My book, Asylum, has been out for going on two weeks now. What a crazy thing it is! I have to force myself to think about other things. I have to make myself get out of the house. I could sit and stare at the sales figures online all day. Not that Asylum is sitting at number 1 on the New York Times Bestseller List, but I just enjoy the idea that someone somewhere has purchased my book!
At the end of the book, I included a glossary. I made up a few terms because Asylum and the others in the Circeae Tales series take place in a totally different universe. I wanted my readers to understand what I was talking about. I also like to make my characters' names mean something. I once heard that J.K. Rowling included puzzles and riddles in her work. I love having underlyng meaning to give another layer of depth.
One of my lead characters is Chase Leighton. I've always liked the name Chase, so I had to use it. Plus, throughout half the book, he is chasing after his wife, so there you have it. The name Leighton comes from one of my favorite artists - Edmund Blair Leighton. If you're not familiar with his work, you should look him up. His images of knights and ladies capture the romance and beauty of the era.
Trista/Krissa started out with a completely different name. I initially used Alex(andra)/Lexi, but changed early on. Alex is now the main character in Excelsior. I liked the way Trista sounded, and as explained in Asylum, Krissa came about as a near-rhyme.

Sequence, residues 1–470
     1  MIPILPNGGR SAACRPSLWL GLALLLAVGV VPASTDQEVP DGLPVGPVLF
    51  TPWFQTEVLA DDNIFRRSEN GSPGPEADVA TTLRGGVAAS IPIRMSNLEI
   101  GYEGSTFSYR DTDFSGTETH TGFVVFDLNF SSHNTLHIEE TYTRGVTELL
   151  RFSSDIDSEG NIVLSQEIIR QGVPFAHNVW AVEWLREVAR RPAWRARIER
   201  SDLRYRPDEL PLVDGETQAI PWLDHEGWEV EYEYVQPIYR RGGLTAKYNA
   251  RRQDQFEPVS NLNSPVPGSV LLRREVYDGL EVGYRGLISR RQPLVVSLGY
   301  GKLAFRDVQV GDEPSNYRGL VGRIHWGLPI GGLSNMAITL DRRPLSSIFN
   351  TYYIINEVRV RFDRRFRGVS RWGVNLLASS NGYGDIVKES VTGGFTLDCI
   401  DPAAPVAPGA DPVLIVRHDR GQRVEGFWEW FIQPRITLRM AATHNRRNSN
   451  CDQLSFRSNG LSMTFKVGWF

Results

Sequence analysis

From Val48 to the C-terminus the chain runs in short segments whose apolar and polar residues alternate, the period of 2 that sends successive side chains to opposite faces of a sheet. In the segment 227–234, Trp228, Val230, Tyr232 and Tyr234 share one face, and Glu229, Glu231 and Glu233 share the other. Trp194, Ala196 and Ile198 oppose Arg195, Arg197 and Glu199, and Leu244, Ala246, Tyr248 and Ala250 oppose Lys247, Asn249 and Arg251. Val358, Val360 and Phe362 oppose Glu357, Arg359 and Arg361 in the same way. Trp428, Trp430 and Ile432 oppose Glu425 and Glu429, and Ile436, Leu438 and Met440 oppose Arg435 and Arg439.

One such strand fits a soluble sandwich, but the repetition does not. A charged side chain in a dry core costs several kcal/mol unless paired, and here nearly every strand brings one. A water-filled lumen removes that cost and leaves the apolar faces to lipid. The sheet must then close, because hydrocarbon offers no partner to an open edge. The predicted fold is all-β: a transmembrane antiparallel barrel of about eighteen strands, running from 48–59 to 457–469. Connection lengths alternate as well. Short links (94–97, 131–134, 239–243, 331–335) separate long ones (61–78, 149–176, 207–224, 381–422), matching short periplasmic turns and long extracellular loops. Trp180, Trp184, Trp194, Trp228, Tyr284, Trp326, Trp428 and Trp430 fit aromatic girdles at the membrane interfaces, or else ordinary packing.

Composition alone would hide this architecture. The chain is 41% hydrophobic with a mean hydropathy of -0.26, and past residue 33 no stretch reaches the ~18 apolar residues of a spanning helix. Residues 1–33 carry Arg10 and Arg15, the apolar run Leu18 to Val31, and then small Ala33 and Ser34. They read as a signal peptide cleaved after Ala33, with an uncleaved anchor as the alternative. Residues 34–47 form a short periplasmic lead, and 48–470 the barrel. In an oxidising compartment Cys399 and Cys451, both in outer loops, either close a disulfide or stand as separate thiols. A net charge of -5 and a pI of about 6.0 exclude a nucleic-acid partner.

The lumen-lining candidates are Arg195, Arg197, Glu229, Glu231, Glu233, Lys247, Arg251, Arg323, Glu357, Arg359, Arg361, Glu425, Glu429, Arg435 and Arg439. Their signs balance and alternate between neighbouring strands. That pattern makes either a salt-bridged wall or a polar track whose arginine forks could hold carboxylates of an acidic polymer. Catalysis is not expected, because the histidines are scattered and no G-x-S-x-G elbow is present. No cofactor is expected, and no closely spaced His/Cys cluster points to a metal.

The villain in Asylum is Dr. Reid Terces. His name is an anagram of "dire secret," in reference to his work with Trista/Krissa. Everyone associated with him - the Nivelis and Aftal - hinge on that same idea. Niveli is an anagram of "live in" - as in "live in secret," and Aftal is "fatal" rearranged - "fatal secret."
My favorites, though, are the doctors onboard the Straightjacket. (By the way, I chose to go with that spelling, as opposed to Straitjacket, because it's the place where the Legacy intends to "straighten" out their prisoners.) The Straightjacket is a prison ship for the criminally insane. Makes sense to me - people labeled as crazy shipped off to the far reaches of the system. In this case, however, it's done injustly. The doctors are Adam Caiman ("a mad maniac"), Caultin (lunatic), Sainne (insane), and Tuscane (nutcase). Pretty cool, huh?
The orderlies also have meanings behind their names. I won't go into all of them, but I used words from different languages with meanings such as, "dope," "mean," "cruel," "numb." And there are others. You just have to read the book!
I've done the same with the overall storyline. Asylum is just one piece of the puzzle. There is much more to the big picture. I'll explain those in a future post. This is certainly one aspect of writing I love - crafting words/names in such a way that they mean more than just the surface level impression.
I hope this intrigues you enough to read Asylum! And if you do - and you like it - I'd love to hear from you. Write a review. Send me a comment on my contact page. Find me on Facebook or Twitter. If you don't like it, I'd like to heard from you, too. I welcome constructive criticism. But just so you know - my husband, who hasn't read any of my work prior to the release of Asylum, AND is not a science-fiction fan, finished it in a day. He said he couldn't put it down. He loved the book. Perhaps he's a little biased, but I'd like to think his opinion is a testament to the story itself. And I certainly want any credit for it. Soli Deo Gloria.
Blessings to you, dear friends!
Award-winning sci-fi author * Christ follower, wife, and mom * broadcast content producer. And yes, I am a real duchess. http://amzn.to/2eLTlH3